Android Auto

What is Android Auto?

Android Auto casts a Google Now interface onto your car’s infotainment display via USB. It’s not the same as mirroring your phone onto the car display using HDMI, as the vehicle’s touch screen, steering wheel controls, buttons and control knobs remain functional when using Android Auto.

There’s still limitations on app support though. Only Google approved apps with necessary driver-safety measures in place can take advantage of the Android Auto user interface.

Audio is sent via USB for music with no loss in sound quality, unlike with Bluetooth audio streaming. Phone calls are handled via Bluetooth hands-free.

Which cars support Android Auto?

How does one get Google Maps in the car? Right now, you can buy brand new cars with the necessary technology in place to take advantage of Android Auto. Some existing cars may be updated down the road.

A total of 40 automakers are selling new cars in Australia, Canada, France, Germany, Ireland, Italy, Mexico, New Zealand, Spain, the UK and the US with Android Auto support.

GMC Sierra Denali

Cadillac and Chevy announced that all of its new models will come standard with Android Auto while Audi, Honda, Kia, Hyundai and others are rolling out support with each new vehicle introduction or mid-cycle refresh.

Chrysler pledged support for Android Auto with its next-generation Uconnect infotainment system, but hasn’t confirmed which vehicles will have it. Ford promised all 2017 model year cars with SYNC 3 will gain support for Android Auto, starting with the refreshed Escape crossover. Existing 2016 models with SYNC 3 will get a software update later this year for the feature.

Volkswagen supports Android Auto on most of its current lineup, with the exception of the Touareg and Eos, two of the oldest models in its lineup.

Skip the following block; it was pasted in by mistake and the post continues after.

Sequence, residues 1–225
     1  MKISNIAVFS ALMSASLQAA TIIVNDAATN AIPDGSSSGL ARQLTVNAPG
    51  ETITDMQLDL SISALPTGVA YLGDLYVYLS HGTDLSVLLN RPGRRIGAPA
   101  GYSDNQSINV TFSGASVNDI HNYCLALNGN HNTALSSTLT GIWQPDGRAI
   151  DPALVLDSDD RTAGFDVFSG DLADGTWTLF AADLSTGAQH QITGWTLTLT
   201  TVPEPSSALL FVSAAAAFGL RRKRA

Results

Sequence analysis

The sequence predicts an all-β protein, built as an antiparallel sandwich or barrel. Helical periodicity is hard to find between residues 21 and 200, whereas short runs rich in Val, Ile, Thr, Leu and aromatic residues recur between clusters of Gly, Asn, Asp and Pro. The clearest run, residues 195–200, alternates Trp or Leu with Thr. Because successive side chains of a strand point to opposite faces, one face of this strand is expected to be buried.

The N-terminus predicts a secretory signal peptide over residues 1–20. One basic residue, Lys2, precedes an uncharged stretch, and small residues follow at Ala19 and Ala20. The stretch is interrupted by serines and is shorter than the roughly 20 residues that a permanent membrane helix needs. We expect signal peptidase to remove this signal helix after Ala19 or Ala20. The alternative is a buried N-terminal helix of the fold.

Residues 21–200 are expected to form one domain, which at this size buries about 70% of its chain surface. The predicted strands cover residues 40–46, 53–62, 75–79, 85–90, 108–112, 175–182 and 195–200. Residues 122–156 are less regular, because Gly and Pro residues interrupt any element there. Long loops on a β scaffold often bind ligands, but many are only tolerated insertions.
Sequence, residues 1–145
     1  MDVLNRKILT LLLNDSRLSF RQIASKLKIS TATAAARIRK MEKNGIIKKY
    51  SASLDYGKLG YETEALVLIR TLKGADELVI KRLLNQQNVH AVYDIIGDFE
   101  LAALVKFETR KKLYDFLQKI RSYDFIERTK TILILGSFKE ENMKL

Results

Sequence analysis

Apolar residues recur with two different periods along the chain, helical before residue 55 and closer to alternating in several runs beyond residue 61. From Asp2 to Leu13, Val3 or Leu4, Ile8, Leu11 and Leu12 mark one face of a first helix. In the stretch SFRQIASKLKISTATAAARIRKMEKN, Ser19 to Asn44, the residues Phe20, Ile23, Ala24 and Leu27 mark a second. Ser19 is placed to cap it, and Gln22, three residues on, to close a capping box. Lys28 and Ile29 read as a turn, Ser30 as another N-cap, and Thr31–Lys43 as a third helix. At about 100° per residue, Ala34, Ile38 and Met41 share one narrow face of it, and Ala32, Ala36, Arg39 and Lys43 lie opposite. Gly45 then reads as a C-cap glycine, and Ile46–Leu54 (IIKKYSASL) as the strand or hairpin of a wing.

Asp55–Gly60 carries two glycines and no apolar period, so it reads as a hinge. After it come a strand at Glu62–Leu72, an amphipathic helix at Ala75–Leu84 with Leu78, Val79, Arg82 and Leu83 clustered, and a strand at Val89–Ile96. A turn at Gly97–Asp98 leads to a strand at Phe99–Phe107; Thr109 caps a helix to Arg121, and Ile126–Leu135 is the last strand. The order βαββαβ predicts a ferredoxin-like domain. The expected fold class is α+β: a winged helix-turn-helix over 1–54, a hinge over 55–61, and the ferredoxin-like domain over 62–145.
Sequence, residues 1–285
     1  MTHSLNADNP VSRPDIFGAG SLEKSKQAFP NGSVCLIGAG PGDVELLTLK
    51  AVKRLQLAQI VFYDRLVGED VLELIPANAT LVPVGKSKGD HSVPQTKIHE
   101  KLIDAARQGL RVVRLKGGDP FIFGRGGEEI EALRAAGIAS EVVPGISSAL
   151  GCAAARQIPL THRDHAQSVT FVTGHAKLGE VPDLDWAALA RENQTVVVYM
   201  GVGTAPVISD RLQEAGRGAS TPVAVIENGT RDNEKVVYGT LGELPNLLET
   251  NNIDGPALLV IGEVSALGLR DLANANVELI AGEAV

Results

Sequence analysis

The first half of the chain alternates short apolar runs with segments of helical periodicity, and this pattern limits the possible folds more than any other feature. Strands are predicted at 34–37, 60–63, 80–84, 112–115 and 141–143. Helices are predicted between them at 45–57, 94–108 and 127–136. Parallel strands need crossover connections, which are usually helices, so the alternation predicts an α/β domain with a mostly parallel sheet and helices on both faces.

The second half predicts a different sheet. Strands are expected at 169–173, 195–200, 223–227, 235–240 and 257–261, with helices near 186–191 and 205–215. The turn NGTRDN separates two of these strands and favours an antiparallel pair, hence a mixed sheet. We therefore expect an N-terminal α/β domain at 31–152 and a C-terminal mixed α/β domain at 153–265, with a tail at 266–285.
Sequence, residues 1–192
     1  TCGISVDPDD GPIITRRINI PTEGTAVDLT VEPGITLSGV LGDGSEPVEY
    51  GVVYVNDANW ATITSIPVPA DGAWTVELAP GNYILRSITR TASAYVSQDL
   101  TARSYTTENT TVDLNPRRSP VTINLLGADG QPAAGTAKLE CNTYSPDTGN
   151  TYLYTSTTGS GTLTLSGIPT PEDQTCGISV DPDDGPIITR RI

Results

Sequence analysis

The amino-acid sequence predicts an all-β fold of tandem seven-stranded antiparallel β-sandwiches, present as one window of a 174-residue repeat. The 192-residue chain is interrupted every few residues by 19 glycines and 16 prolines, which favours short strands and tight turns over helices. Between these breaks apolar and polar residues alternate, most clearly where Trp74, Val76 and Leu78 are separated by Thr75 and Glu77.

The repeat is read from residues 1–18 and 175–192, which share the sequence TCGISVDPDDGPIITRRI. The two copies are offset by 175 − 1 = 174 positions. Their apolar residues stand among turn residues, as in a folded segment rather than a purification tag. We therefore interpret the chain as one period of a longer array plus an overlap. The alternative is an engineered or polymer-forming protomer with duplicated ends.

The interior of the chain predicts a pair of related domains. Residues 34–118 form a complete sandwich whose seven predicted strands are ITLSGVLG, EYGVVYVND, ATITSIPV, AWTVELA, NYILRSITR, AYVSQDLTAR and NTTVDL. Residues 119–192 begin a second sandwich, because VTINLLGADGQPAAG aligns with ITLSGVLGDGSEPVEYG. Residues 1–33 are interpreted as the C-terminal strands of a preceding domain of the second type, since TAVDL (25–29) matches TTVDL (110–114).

Android Auto aftermarket solutions

Android Auto is a perk if you’re already buying a car, but what if you’re not in the market for new wheels or just started making monthly payments on a long-term lease?

Android Auto aftermarket
Expect the same aftermarket options as Apple CarPlay for older cars

That’s where stereo manufacturers come in with Android Auto aftermarket head units. JBL, JVC, Kenwood and Pioneer plan to save the day on your dated ride.

Android Auto phone compatibility

Android Auto requires a smartphone with Android 5.0 Lollipop or newer. It’s likely an easier process than upgrading to a new car, unless your carrier is being stubborn. Then it’s way harder.

The patient wait for Android updates gives you reason to check out the latest Android phones, which come with Marshmallow and Android Auto compatibility out of the gate, like the Nexus 6P, Samsung Galaxy S7, S7 Edge and LG G5.

Android Auto
Works with Android 5.0 Lollipop phones like this Nexus 5

I used the older Nexus 5 to run through the Android Auto demo, so I can confirm it works just as well on older Android 5.0 Lollipop hardware too.

Beyond that, all it takes is plugging a micro USB-to-USB cable into the phone and car’s USB port. The first time the phone is connected to the car, the Android Auto app will ask if you want to enable Android Auto on the phone.

Once you click the agree button, the car-stylized interface is projected onto the in-dash screen almost instantly and the phone automatically pairs to the car via Bluetooth.

Can I add it to my factory system?

You’re typically stuck with the software that ships with your factory system most of the time. However, Ford, Hyundai and Kia are offering free software upgrades to previous model year vehicles that adds Android Auto connectivity.

These companies announced new model year vehicles with Android Auto, but previous model year vehicles came with the same infotainment system hardware. Hyundai and Kia released free software updates for select 2014 and newer vehicles while Ford is working on bringing Android Auto to vehicles with SYNC 3 later this year.

If your car isn’t in Ford, Hyundai or Kia’s list, new hardware is required, unfortunately.